Least fav player? That’s like picking my least fav child? I think all the men who wear the CH right put their best forth every night even if we don t think it’s their best! As for Moen, I feel for a couple of yrs he was better than he was to be,now our expectations are high. Moen is a 3rd our 4th line utility player and now we don’t need him to fill in on the 2 nd our even the 1 st line like he has in the past, which he has done to the best of his ability. Rarely a defensive liability, 8-10 goals a yr is the type of player Moen will be asked to be next yr and he ll do that.

    • Chris says:

      Moen is a 4th line player at this point in his career and with the improved talent depth of the top-9. And when he plays as a fourth liner, he is a 4-8 goal and 10-15 point guy, judging from his career performance.

      An unmotivated Moen, as we saw last season, will struggle to reach even that total. He will still be useful if he remains a good penalty killer, but his work ethic needs to improve dramatically next season.

      • Loop_Garoo says:

        Moen definitely had an off year, but everything I have ever heard about him as a person makes me feel the last thing we should be doing is questioning his work ethic. Nothing I know personally but seems to be a really good down to earth hard working kinda guy.


  8. Mavid says:

    Don’t have any Hab player I dislike, even just a little. now from other teams thats a different story..

  9. savethepuck says:

    I see a lot of people answering Moen as their least favorite in the question below. He only had a bad 1/2 season, so I’m willing to see what happens next season before passing judgement. If the same question would of been asked last summer, I’m sure a lot of people would of answered Bourque after his bad 1/2 season. I doubt anyone will say that now though.
    Players bounce back from rough stretches in their career all the time. Let’s hope he bounces back. ( I can probably insert DD for Moen in this post ).
    “They don’t hang Conferenece Championship Banners from the rafters here”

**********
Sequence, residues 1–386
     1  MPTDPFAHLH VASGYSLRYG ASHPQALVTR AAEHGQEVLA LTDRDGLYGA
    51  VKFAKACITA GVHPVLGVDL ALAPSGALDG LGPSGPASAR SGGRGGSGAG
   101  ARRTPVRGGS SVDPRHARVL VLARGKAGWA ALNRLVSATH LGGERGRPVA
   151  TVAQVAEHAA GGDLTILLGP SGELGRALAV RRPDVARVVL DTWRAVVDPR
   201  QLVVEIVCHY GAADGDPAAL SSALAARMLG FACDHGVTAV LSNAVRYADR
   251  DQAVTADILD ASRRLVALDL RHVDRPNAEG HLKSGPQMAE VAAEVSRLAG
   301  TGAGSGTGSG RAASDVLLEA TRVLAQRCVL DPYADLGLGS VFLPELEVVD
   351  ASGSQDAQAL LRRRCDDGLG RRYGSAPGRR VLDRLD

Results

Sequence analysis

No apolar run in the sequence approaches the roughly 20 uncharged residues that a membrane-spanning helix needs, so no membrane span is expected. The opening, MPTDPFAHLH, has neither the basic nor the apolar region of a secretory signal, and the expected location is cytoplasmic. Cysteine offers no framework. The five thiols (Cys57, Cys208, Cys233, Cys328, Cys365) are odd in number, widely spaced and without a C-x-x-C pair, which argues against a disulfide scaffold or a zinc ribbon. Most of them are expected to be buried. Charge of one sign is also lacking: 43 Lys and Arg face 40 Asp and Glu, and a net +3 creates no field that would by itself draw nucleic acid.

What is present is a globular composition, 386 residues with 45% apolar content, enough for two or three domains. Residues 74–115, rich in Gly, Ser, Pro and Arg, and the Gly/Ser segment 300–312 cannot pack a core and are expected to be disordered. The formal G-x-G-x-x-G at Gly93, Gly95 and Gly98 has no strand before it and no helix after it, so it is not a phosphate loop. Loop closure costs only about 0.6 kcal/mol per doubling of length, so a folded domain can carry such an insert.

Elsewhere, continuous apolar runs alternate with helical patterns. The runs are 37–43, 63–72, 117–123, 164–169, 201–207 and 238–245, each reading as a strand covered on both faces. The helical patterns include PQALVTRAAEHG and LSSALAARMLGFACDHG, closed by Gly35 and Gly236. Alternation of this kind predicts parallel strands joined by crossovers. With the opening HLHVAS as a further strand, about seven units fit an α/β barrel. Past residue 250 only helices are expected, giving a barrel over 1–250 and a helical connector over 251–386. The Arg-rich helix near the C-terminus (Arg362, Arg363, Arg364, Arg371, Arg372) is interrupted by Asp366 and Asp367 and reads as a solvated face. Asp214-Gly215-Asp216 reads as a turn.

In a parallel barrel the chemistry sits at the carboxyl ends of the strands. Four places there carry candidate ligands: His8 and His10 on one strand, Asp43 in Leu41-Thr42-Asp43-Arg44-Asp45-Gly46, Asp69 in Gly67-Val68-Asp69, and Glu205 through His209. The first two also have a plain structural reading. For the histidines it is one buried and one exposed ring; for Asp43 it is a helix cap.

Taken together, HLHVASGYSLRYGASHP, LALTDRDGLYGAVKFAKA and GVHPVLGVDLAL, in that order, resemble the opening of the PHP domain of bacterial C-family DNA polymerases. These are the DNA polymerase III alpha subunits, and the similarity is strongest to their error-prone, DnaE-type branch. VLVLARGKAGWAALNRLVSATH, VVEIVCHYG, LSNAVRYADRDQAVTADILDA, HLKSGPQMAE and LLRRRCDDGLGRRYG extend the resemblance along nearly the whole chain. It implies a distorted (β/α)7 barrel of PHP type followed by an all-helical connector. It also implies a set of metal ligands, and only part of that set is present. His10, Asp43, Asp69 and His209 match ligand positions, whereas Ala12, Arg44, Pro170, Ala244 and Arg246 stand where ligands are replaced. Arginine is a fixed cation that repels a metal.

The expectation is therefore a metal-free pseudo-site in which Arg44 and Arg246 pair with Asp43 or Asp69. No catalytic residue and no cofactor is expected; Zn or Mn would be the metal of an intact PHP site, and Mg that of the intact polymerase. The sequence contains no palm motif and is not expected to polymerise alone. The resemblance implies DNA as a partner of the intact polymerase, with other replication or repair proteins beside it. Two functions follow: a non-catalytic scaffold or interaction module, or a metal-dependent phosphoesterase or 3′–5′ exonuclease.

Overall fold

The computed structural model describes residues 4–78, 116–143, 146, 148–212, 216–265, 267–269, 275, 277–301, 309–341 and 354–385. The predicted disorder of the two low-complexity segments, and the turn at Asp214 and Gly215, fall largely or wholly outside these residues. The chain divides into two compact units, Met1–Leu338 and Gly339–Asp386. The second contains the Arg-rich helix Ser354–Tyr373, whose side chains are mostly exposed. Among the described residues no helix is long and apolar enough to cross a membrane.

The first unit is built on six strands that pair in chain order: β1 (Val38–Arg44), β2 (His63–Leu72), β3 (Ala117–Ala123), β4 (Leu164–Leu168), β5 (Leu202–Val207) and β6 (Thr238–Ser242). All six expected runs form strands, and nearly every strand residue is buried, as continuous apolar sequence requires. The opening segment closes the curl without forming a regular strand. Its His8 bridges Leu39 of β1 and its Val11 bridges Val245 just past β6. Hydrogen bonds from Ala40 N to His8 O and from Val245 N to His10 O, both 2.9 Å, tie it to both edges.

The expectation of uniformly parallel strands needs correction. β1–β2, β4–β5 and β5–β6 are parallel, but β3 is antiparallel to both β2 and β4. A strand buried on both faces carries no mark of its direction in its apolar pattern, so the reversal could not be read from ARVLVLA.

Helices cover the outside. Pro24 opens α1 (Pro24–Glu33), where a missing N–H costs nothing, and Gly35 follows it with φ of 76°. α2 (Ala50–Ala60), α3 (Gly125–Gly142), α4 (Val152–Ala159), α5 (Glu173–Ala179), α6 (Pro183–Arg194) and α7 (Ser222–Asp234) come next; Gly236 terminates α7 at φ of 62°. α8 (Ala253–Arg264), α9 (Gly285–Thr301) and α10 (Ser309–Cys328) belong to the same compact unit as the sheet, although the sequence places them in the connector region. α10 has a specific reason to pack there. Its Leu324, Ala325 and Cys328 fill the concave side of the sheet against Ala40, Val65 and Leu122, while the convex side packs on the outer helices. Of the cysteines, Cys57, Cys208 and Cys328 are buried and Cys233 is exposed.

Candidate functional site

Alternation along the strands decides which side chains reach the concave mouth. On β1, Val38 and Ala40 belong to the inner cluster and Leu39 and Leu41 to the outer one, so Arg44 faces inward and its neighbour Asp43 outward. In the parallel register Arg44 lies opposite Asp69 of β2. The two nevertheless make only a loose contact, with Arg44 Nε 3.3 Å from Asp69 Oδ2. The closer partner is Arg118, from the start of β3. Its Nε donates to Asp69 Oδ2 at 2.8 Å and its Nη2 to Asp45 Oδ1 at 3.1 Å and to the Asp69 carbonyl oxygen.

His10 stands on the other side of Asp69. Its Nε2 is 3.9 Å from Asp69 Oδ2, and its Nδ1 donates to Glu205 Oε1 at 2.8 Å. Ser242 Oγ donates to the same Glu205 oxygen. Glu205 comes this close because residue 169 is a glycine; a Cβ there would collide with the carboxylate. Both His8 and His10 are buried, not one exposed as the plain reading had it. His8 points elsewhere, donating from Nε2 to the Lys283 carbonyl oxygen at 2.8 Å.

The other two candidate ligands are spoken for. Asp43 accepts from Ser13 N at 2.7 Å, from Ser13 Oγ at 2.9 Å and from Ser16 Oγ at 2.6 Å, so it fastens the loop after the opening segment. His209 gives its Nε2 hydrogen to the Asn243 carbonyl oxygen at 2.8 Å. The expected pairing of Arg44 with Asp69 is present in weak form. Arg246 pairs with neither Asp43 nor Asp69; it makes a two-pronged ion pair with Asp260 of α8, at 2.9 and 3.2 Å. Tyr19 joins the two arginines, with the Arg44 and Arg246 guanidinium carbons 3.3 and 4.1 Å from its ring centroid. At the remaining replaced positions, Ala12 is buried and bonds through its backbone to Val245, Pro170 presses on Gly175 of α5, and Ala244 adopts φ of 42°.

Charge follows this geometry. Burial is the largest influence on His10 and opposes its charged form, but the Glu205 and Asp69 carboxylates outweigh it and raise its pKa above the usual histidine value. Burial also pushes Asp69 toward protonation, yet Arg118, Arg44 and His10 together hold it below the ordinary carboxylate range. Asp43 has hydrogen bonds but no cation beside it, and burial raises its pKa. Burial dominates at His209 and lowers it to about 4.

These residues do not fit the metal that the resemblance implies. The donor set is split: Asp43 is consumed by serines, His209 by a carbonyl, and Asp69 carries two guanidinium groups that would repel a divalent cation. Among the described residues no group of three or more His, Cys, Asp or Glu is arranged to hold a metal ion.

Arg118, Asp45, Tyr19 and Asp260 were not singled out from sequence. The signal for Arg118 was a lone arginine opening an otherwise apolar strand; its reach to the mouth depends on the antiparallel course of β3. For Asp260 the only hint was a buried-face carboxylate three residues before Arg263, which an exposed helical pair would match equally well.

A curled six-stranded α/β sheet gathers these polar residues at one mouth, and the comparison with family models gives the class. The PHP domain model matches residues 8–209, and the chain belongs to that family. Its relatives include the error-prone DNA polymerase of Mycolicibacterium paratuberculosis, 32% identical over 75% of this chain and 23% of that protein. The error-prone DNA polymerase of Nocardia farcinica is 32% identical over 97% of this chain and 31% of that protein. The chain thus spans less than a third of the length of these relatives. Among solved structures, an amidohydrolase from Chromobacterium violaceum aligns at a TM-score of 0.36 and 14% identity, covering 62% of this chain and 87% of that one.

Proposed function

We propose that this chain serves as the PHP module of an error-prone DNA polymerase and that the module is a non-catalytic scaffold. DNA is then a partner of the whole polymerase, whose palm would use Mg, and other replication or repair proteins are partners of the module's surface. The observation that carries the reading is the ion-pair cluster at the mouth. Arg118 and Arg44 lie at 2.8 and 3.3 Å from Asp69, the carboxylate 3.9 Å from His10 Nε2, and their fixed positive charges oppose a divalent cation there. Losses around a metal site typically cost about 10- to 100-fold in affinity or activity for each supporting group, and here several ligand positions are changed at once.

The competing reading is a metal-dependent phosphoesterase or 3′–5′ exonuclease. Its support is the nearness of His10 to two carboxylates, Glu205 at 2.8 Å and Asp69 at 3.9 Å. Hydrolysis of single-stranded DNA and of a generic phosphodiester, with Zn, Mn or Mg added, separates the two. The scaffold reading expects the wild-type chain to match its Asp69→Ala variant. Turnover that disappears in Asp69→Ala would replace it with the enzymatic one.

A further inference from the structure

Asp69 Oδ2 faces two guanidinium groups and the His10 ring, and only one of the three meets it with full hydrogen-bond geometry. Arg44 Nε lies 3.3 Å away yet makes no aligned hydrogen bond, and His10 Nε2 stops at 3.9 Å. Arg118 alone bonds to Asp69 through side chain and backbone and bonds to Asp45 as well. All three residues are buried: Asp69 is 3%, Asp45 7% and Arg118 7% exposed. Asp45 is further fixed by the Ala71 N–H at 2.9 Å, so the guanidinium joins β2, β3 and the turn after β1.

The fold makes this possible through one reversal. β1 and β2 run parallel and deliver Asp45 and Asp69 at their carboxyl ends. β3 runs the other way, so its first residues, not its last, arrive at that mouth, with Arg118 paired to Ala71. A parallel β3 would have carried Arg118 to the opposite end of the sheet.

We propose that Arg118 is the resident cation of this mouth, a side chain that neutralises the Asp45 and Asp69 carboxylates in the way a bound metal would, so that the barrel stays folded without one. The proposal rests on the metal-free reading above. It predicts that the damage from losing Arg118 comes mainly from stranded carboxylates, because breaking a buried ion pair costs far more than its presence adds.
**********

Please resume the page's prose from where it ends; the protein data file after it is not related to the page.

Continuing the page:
Carey Price

    • Silverthaw says:

      We all hope he can follow in Bourque’s footsteps. It was Bourque’s attitude (seemingly didn’t care) that was so frustrating, same can be said of Moen. He can play if he got over himself and plays for the team as opposed to worrying about spending time on the 4th line.

    • SmartDog says:

      That’s why I didn’t say Moen. He was effective before. White on the other hand… I’ve just never gotten White. A 4th line role player, who acts like a 2nd line star. And takes farm league penalties.

      Listen to the Smart Dog. He knows his poop!

      • Chris says:

        Moen wasn’t actually that effective. I think his frequent usage on Plekanec’s line was a big contributing factor to the Habs finishing so poorly in 2010-11.

        Moen is an effective fourth liner. Anything beyond that is stretching his ability. He may earn better numbers simply because of who he plays with, but the team suffers for it.

        I think the Montreal Canadiens would be a better team without Travis Moen. I was very disappointed when he was re-signed.

        • savethepuck says:

          JM and RC both used Moen similar to how they used Darche. They rewarded them for playing with heart and outworking guys with more talent. I didn’t agree with it because it hurt the lineup and was probably part of the reason we had so hard a time scoring in 2010-11 and 2011-12. A lot of times they were put in those positions because of injuries and our lack of depth. I hope the depth improves so when a skilled guy goes down with injury, we can call up someone with skill to fill that hole. The only 4th liner I don’t mind moving up due to injury right now is Prust.
          “They don’t hang Conference Championship Banners from the rafters here”
          Carey Price

      • savethepuck says:

        Whitey is a competent 4th liner good on the pk when needed. I love it when he sticks up for a teammate but hate it when he takes a selfish retaliatory penalty. I think there is a spot as a 4th line or 13th forward if he remains the good teammate and loses the selfish brain cramps.

        “They don’t hang Conference Championship Banners from the rafters here”
        Carey Price